The return of the Knicks to prominence has led to a 12 percent jump in the value of the franchise, vaulting it over the Lakers into the top spot on Forbes’ rankings of NBA franchise value.
The Knicks jumped from a worth of $586 million to $655 million, based on increased season ticket sales and sponsorship deals in the wake of signing Amar’e Stoudemire and a return to basketball relevancy in the nation’s largest market, according to the report.
Isiah Thomas has ideas about how to spend that money, if James Dolan would just give him a call.
The Lakers value increased six percent to $643 million and they remain the second most valuable franchise. They are followed by Chicago ($511) million, Boston ($452 million) and Houston ($443 million). Your bottom three are the Memphis Grizzlies ($266 million), the Minnesota Timberwolves ($264 million), and the big “winner” is the Milwaukee Bucks ($258 million).
The value of the Heat jumped a league-high 17 percent after signing LeBron James; the value of the Cavaliers fell 26 percent to $355 million upon LeBron’s exit.
Also in this report are sown the seeds of future Collective Bargaining Agreement arguments.
The Players Association will note that overall the value of franchises rose one percent despite the down economy, a sign that the economics of the league are just fine. The owners will counter that 17 of the 30 franchises saw a decrease in value, a sign that the current system is not working for the majority of owners. The union will say this is a matter of revenue sharing among the owners. And the song remains the same.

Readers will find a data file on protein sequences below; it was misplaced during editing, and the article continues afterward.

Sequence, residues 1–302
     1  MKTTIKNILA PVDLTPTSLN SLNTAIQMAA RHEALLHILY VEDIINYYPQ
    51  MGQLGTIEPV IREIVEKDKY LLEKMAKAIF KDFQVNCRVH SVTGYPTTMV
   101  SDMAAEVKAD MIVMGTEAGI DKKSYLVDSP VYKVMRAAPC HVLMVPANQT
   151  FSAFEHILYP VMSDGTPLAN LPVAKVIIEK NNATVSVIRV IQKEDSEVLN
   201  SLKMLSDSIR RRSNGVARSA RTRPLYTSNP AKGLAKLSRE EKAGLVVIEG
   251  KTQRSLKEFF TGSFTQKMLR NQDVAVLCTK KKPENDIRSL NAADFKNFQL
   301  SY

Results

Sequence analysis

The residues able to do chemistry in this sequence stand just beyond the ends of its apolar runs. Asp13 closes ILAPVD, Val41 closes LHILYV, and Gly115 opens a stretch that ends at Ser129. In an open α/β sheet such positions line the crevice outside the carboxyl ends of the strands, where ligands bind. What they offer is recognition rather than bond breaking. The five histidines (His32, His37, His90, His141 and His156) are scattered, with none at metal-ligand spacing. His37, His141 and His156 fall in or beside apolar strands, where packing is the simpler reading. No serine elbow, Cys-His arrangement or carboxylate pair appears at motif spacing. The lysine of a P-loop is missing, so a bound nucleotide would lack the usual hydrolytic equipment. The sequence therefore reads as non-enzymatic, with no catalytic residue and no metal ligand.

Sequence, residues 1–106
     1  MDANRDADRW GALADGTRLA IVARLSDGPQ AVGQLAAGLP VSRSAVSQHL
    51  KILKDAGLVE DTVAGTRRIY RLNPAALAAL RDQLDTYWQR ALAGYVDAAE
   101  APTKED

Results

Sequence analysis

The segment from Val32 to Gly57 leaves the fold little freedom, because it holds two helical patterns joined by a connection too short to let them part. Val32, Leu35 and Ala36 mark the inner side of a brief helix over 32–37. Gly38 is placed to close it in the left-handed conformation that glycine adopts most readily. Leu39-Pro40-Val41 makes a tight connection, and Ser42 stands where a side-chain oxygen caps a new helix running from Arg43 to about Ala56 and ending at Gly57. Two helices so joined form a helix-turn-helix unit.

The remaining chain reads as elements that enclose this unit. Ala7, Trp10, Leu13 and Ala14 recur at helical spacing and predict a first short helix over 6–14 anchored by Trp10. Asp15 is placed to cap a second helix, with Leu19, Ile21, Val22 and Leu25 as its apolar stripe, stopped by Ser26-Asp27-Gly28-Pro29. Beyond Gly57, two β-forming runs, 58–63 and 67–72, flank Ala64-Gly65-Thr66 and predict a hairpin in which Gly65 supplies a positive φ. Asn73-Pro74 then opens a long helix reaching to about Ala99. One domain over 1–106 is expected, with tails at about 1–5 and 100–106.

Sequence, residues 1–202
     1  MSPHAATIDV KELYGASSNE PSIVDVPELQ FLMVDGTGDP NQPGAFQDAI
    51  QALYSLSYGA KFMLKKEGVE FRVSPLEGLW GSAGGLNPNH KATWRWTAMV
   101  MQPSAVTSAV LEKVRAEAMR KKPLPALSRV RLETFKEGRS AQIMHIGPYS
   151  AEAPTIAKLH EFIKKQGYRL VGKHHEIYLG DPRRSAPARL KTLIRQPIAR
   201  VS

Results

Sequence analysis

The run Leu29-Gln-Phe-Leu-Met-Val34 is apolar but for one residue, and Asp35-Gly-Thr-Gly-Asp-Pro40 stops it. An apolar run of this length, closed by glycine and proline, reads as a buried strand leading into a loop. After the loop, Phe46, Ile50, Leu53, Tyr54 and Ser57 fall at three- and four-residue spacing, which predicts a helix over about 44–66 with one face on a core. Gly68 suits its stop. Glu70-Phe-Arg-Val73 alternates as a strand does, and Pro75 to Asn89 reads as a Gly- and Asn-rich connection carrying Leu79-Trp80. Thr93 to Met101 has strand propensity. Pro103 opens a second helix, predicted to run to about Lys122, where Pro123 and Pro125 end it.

During the ProBasketballTalk podcast with Sixers coach Brett Brown, you could hear the frustration in his voice. He has all these talented young front line players — Joel Embiid, Nerlens Noel, Ben Simmons, Dario Saric, Jahlil Okafor — but he can’t begin to figure out how they all fit together if he can’t get them on the court at the same time.
That problem just got worse.
The Sixers announced that Nerlens Noel will miss time following surgery to deal with soreness in his left knee. Here is the word from the press release itself:
During the normal course of evaluation and treatment for his left adductor strain, which was identified on October 6, Noel reported localized soreness in his left knee. After consulting with multiple specialists, the source of the soreness was identified as inflamed plica. Noel has elected to address the injury via a minor surgical procedure in the coming days.
The team gives no timeline for Noel’s return. Soreness from the plica — a band of tissue around the knee that is not important following birth — happens in some players and can be fixed by an arthroscopic surgery that removes the area being irritated. While the surgery is minor, it usually takes around six weeks to bounce back from this.
That likely means a little more run for Jahlil Okafor (just coming back from an injury of his own) and Richaun Holmes. But it’s just another injury setback for a Sixers team plagued by them.
The Sixers also announced that Jerryd Bayless will not have surgery on his wrist, but will remain out and be evaluated in two weeks.
This was flat out incredible.